In Defense of the Good Guys

There’s long been a standing viewpoint on protagonists in film: good guys aren’t interesting.

At its base form, storytelling as an art form needs conflict in order to survive. Each and every story ever told is, in one way or another, about conflict. To have a protagonist who is troubled in his own right adds an internal layer of conflict to the story, which is an easy way to add depth to the character and the overarching story. The easiest example of the contrast between the good-guy protagonist and the troubled protagonist is DC Comics’ own Batman and Superman

Batman is arguably the most iconic troubled protagonist in all of pop culture history. He fights the bad guys but is constantly dealing with his own demons with varying levels of success. The death of his parents made a huge impact on him, leading to him employing gothic imagery and fear-tactics in order to defeat the same kinds of criminals who committed the crime. At its root, Batman’s desire to fight crime arguably stems more from a sense of vengeance than a sense of justice.

Superman, on the other hand, is known as the big blue Boy Scout for a reason. Like Batman, his parents died, leaving him alone from a young age. Yet, Superman fights crime and saves a planet on which he is an immigrant on a regular basis. He doesn’t do so out of any sense of vengeance or obligation, but rather because he knows it is the right thing to do. 


In his best comic book stories, he’s a squeaky clean good-guy, the kind of character who allegedly shouldn’t work in modern film. Which is why audiences got an adaptation like Zack Snyder’s Man of Steel or Batman v. Superman; films that were so afraid of his good-hearted nature that they diluted and manipulated his characterization to the point that he was practically unrecognizable.

But in 2018, something really great has happened. It’s been bubbling up, building for years, but this year in cinema seems to have seen the crystallization of it; for the first time in decades, the good-guys are cool again. This year alone has given audiences three standout examples of just how compelling a great good-guy protagonist can be when done correctly, and it shows why we need them now more than ever.

First up is the adorable bear himself, Paddington Brown. While the original Paddington film saw the ever-polite bear making his way from Dark Peru to London for the first time to find a surrogate family all his own, the sequel thrillingly delves even deeper into the inherent conflict between his good nature and the state of our modern world. He is a good bear facing trying times, and remaining the eternal optimist in spite of it all. He is motivated solely by doing his best to improve the lives of those around. Heck, the entire McGuffin that the story is built around is a pop-up book, as he spends the entire first act attempting to save up enough money to buy it as a present for his Aunt Lucy.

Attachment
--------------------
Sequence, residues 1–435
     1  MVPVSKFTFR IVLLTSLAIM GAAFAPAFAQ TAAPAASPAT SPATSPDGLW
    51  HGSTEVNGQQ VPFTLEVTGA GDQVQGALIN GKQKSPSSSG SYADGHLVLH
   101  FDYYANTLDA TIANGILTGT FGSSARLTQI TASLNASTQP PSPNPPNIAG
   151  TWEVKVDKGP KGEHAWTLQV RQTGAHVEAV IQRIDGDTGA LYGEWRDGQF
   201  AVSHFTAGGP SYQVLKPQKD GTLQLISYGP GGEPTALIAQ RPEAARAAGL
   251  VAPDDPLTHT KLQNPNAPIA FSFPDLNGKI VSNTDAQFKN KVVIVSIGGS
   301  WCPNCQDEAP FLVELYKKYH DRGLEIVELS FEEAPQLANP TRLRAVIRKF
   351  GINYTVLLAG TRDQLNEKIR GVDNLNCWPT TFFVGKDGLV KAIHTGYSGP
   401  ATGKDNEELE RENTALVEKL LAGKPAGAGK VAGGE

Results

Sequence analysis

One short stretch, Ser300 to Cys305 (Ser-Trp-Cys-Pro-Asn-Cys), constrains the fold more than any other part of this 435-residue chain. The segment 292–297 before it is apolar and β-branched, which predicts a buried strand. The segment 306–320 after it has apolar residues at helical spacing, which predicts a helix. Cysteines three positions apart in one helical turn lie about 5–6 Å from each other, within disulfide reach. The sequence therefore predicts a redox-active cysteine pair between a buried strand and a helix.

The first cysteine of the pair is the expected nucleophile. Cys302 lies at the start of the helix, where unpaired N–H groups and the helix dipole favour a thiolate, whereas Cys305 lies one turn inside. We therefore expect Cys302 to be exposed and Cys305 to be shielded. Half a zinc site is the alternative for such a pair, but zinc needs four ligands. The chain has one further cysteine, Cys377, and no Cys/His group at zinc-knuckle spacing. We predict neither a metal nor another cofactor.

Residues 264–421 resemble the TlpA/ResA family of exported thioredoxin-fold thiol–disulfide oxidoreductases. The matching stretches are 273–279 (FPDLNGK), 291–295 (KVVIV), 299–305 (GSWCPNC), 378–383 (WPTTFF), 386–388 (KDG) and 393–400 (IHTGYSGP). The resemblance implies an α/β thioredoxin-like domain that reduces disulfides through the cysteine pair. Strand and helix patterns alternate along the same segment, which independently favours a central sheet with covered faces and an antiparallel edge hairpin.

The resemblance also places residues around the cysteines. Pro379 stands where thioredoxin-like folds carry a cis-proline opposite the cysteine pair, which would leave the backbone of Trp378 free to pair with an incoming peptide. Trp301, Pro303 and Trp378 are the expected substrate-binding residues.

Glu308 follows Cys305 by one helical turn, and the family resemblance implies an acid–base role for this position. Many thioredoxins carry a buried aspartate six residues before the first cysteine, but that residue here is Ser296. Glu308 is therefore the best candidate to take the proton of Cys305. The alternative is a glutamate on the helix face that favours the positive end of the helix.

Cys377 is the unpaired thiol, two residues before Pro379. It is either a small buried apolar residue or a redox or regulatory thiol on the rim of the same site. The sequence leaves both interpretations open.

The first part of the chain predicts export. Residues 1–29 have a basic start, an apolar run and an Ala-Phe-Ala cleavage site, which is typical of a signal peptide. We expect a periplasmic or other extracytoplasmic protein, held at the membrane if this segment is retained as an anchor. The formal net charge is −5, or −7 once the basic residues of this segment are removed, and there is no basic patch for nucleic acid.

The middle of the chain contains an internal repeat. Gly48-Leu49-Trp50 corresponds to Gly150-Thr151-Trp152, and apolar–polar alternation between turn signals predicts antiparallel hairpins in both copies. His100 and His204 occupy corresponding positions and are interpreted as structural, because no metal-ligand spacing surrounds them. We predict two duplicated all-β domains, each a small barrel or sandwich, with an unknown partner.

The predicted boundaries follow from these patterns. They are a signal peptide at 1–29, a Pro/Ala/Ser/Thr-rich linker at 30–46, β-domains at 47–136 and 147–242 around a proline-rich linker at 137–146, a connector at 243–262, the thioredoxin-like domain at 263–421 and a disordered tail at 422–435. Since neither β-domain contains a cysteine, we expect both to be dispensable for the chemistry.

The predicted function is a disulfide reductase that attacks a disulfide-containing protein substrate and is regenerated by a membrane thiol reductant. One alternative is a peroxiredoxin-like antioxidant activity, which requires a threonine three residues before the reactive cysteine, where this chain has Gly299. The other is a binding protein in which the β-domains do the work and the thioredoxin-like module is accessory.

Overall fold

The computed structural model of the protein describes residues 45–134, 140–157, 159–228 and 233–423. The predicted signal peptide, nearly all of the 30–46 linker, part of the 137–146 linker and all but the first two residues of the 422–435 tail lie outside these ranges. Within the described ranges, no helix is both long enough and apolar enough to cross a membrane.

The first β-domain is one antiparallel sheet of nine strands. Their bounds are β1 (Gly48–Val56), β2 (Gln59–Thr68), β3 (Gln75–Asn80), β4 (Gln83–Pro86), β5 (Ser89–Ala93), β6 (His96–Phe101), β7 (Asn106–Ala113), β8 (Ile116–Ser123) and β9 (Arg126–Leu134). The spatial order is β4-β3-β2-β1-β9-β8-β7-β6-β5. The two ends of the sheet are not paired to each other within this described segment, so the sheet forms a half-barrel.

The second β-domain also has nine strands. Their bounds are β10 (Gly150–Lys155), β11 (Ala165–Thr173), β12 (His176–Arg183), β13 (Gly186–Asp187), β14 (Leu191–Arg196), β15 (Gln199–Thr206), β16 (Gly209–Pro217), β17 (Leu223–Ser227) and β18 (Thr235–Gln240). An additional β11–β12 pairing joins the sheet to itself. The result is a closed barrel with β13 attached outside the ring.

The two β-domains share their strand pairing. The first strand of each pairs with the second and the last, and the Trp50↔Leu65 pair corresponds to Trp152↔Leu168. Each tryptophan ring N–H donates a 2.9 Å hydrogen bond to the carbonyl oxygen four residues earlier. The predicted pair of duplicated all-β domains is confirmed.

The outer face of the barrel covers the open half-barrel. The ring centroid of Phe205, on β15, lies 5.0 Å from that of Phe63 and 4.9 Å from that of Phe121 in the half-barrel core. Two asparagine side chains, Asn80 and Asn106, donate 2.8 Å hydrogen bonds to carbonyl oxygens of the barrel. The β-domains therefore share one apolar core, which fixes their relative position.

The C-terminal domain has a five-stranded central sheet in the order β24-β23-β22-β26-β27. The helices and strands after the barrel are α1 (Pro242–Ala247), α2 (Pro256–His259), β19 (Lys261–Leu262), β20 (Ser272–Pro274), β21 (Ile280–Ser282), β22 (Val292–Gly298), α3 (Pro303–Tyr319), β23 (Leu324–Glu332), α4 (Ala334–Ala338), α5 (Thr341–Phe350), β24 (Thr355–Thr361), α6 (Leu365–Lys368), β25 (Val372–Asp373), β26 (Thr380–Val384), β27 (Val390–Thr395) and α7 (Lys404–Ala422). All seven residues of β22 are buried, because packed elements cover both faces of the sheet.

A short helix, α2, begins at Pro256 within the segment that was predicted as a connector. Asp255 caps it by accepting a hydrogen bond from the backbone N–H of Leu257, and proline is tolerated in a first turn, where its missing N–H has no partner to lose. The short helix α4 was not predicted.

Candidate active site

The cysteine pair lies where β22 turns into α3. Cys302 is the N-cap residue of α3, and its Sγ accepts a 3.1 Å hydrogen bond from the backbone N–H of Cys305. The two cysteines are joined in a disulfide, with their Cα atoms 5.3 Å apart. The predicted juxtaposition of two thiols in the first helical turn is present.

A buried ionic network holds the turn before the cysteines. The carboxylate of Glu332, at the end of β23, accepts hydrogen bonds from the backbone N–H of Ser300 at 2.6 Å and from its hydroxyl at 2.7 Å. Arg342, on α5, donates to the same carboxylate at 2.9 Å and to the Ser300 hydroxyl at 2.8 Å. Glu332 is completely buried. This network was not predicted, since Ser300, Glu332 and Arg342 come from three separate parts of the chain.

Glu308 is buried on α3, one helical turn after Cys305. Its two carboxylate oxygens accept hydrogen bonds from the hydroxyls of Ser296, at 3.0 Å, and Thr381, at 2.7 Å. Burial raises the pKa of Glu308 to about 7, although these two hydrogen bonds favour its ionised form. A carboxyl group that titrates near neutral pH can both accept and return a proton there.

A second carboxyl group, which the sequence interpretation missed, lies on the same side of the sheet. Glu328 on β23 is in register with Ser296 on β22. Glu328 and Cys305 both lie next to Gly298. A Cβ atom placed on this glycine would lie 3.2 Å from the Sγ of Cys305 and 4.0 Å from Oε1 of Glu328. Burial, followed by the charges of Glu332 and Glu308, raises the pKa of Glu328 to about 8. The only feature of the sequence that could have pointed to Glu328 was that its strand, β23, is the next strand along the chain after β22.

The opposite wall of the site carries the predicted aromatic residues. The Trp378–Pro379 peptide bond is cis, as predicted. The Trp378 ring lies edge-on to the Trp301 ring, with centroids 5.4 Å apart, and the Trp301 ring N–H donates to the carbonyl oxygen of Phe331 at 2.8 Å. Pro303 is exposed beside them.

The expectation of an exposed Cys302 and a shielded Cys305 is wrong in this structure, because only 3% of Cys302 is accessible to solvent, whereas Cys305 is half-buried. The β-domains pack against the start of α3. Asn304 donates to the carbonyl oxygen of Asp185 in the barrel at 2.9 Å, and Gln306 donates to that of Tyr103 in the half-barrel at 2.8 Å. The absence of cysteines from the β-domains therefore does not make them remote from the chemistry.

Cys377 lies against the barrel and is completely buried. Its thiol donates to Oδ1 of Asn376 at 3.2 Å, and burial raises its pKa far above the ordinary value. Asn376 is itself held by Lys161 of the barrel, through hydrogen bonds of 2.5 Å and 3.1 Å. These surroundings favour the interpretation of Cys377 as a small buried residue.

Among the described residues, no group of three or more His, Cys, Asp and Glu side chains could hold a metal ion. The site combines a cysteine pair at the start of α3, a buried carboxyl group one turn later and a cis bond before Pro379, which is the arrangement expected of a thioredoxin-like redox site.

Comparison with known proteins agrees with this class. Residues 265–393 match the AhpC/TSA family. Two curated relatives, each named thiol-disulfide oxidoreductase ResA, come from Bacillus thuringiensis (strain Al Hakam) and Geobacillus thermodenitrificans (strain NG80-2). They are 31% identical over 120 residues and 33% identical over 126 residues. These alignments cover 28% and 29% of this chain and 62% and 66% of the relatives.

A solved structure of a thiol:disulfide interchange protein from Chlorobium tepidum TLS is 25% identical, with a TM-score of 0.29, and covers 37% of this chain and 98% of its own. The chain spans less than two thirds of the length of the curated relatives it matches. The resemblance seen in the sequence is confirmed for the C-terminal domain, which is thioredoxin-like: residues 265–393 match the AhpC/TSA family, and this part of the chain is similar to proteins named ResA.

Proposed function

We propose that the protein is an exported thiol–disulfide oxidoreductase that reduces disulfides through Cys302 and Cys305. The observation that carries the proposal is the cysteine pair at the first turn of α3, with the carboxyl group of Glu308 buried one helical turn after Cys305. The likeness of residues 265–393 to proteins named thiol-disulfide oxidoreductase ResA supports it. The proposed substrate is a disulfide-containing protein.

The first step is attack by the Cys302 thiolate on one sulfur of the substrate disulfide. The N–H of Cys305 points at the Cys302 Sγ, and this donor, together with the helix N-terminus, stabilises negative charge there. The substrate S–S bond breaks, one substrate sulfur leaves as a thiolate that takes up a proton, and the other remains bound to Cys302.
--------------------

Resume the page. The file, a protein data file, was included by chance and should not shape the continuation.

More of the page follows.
But it’s not just family that Paddington longs to see happy. He improves the lives of all of his neighbors in the first act of the movie, and their lives are noticeably dimmer without him in the second act. Even when Paddington is arrested on false charges of theft, he isn’t angry at the judicial system or the people who put him there. He wants to be free, but his motivations are solely based on returning to his family and getting Aunt Lucy’s gift to her in time for her birthday. And on top of all of this, he manages to turn the cold, grey prison into a place of warmth and color through his use of love, compassion, and marmalade.

In Paddington 2, the conflict comes from Paddington as a character being challenged. The first film cemented that he knows what is right, but this film pushes him to his limits. He’s framed for a crime he didn’t commit, ripped away from his surrogate family, and falsely imprisoned, all of which forces him to question whether or not the world he lives in sees right and wrong the same way he does.

Next up is the original super soldier himself, Steve Rogers. The Russo Brothers have consistently delivered in their Captain America films when it comes to the character’s use and characterization. In both Winter Soldier and Civil War, he was a good man simply trying to do what he felt was right, amongst incresingly dire circumstances. Both of those films saw Rogers having to go on the run from his government when he didn’t see eye-to-eye with them. As Steve himself so eloquently put it, “If I see a situation pointed south, I can’t ignore it. Sometimes I wish I could.”.

In Infinity War, things are a bit more complicated. With Steve still on-the-run following the events of Civil War, he and his team come out of hiding once they hear of the impending attack from Thanos, in the hopes of saving their friend, Vision. And throughout Infinity War, Steve really only has one goal: to not lose anyone. As he tells Vision time and time again, “We don’t trade lives.”